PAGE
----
All that seems to be missing from last week’s market was a bottle of champagne to christen the beginning voyage of QE II. Given the success of the first go round of quantitative easing (QE I), expectations are beginning to grow that this could be “the one” to finally get the moribund economy growing.
What has the markets frozen in their tracks is reconciling the economic data (a bit better than expected, but nothing to write home about) and the Fed outlook (less than desired growth and inflation). Comments by Fed governor Dudley last week indicated that an announcement would be forthcoming at the November confab.
Playing a game of chicken with the markets, anything “less than expected” from the Fed regarding QE II could send equity markets lower. The financial markets have been rising, expecting to see additional money flowing from the Fed into the financial system; unfortunately that money is not flowing to areas that it actually is needed.
The big economic report is due on Friday: Unemployment. Expectations for zero job gains is fueling expectations that the Fed needs to do something, anything, to get growth high enough that corporations will begin hiring.
Closing out the best September since 1939, the quarterly gain of over 11% was the best since the bounce from the ’09 lows and with expectations high for more monetary stimulus and decent corporate earnings, investor sentiment is relatively high and leaves ample room for disappointment at least through the early part of the fourth quarter.
The saving grace for the markets is the number of advancing to declining stocks (market breadth) has been very positive and continues to march higher. This may be a result of investors piling into index funds of all varieties and not focusing in on individual stocks, but whatever the reason, stocks are rising.
As a result of the gains of the past six weeks, the markets are now sitting near some technical resistance levels (1150 on the SP500) and momentum indicators are at very high levels that usually indicate at least a correction in stocks is ahead. Whether modest or more significant is hard to say from here, but given the run, a modest decline is most likely for October.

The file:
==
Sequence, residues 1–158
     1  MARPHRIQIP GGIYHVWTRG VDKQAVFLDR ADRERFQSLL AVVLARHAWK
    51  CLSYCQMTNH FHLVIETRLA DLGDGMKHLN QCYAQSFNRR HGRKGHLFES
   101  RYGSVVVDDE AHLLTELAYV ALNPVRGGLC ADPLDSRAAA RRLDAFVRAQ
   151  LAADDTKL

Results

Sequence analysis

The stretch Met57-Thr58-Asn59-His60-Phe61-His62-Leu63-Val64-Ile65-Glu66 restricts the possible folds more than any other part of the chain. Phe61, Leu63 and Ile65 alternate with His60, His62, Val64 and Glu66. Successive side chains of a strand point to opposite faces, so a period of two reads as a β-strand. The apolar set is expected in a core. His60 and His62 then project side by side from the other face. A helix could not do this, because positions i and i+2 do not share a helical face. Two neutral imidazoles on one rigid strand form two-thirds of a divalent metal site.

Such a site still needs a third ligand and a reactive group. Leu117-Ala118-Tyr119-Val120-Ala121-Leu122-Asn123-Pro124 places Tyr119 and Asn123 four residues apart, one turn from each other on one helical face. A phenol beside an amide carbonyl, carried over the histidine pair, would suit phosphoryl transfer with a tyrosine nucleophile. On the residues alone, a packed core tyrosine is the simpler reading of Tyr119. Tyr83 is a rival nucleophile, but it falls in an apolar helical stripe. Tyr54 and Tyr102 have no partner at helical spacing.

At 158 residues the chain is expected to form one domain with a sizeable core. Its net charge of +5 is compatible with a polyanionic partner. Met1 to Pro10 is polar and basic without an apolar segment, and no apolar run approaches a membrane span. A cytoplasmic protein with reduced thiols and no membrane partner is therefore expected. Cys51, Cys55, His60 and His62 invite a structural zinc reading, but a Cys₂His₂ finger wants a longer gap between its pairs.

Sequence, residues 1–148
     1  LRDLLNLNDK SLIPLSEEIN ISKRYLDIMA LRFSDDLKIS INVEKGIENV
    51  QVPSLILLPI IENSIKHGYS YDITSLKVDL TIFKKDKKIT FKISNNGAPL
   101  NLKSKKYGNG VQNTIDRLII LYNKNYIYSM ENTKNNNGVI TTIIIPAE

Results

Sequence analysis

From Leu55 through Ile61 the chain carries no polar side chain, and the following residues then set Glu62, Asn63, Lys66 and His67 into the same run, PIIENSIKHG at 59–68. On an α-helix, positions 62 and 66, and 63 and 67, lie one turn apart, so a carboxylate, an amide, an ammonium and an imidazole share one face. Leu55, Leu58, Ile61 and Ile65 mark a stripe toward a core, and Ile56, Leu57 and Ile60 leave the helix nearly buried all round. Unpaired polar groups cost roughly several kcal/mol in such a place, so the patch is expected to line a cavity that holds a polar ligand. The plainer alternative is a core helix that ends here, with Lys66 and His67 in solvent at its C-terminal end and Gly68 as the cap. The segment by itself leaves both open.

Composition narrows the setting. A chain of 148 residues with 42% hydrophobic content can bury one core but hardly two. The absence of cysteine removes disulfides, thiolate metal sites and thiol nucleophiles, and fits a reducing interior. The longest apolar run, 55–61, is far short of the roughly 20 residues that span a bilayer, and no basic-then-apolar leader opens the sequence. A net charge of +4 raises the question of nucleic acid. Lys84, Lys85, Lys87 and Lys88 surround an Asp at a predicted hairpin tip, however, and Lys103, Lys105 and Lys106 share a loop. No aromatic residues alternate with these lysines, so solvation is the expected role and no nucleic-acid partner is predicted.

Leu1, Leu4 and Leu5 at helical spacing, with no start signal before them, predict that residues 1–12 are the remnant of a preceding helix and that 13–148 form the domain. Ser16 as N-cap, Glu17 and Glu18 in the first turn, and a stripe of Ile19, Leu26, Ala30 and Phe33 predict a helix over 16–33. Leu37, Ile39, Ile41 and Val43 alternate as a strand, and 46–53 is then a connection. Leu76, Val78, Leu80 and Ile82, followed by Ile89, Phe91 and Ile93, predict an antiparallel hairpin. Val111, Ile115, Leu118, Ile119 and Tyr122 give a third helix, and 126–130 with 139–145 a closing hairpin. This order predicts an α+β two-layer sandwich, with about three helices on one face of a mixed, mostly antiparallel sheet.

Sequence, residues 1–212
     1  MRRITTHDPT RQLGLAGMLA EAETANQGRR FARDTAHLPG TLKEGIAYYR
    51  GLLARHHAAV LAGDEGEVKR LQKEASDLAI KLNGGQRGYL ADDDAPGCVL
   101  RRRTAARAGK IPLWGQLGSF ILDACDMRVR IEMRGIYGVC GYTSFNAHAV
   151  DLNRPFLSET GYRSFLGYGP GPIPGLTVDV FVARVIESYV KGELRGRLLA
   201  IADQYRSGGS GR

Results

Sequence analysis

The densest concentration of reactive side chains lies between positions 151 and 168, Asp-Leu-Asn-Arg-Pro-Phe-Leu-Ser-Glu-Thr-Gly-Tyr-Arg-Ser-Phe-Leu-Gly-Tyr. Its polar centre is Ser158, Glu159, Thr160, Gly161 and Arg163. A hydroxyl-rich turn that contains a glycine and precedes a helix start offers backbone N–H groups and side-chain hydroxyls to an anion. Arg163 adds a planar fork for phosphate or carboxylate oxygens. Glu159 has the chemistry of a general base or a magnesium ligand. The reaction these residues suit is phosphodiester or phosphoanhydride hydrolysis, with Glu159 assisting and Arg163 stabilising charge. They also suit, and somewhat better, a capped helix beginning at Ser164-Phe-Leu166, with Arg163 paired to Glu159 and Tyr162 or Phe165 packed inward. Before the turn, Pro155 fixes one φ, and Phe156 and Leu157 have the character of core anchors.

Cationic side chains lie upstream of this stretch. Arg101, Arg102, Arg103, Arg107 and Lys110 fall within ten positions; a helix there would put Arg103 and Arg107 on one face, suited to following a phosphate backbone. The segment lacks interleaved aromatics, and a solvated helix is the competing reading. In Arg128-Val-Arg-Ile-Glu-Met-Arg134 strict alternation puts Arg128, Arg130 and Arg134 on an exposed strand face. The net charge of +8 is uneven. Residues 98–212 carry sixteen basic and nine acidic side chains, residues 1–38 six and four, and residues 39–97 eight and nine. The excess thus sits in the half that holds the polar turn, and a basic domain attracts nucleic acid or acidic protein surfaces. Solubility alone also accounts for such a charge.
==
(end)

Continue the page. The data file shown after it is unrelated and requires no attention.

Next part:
The Fed activities in the bond market, buying Treasury bonds to inject cash into the financial system, is creating steady demand for Treasury bonds and effectively putting a floor under prices (and a ceiling to rates). The buying activity has also had a secondary effect of making bonds much more volatile that otherwise would be the case. The 10-year bond has been bouncing between 2.4% and 2.7% over the past two months depending upon whether the Fed is active or not in the markets. Pushing rates higher are concerns about the Fed’s activities to increase inflation at all costs. This is also pushing the dollar lower in foreign exchange markets, making our goods cheaper to buy around the world, but making foreign goods (and travel) more expensive – effectively raising inflation for those goods.
The semi-regular look at the major asset classes once the month ends is very interesting this month, as for the first time all year, bonds are no longer among the top performers. Even with lower interest rates, the gains in equities over the past quarter far outdistanced those in bonds. Whether that reversed in October is up for debate, however since I use a trend following model, at least for the next month equities will be highlighted.
From a historical perspective, stocks may be under some pressure early in October, however in mid-cycle election years since 1952, the period from October to April is the strongest in any period within the four-year election cycle. This doesn’t mean the markets will race, but there is a tendency for strong markets through the first quarter of next year. A “normal” yearly cycle also shows a tendency for strong markets from November into May (then is the sell in May and go away mantra). So given a change in the asset class rankings toward equities, a stronger period in the calendar and promises from the Fed of more money flowing into the financial markets, we could indeed see fireworks from the markets over the next six months.
Given the run of the past six weeks, we could see stocks meander or decline over the next week or two to work off some of the excess enthusiasm built up over that period. Having made it through the worst part of the financial calendar unscathed, buying stocks over the next few months may be very profitable. The unemployment report on Friday and the beginning of earnings season could be the reason for a market decline in the next week or two. Bond investors should hang onto holdings for now, although I may sell some of the shorter maturities and use the cash for equity investments.
Disclaimer: The opinions expressed in the Investment Newsletter are those of the author and are based upon information that is believed to be accurate and reliable, but are opinions and do not constitute a guarantee of present or future financial market conditions.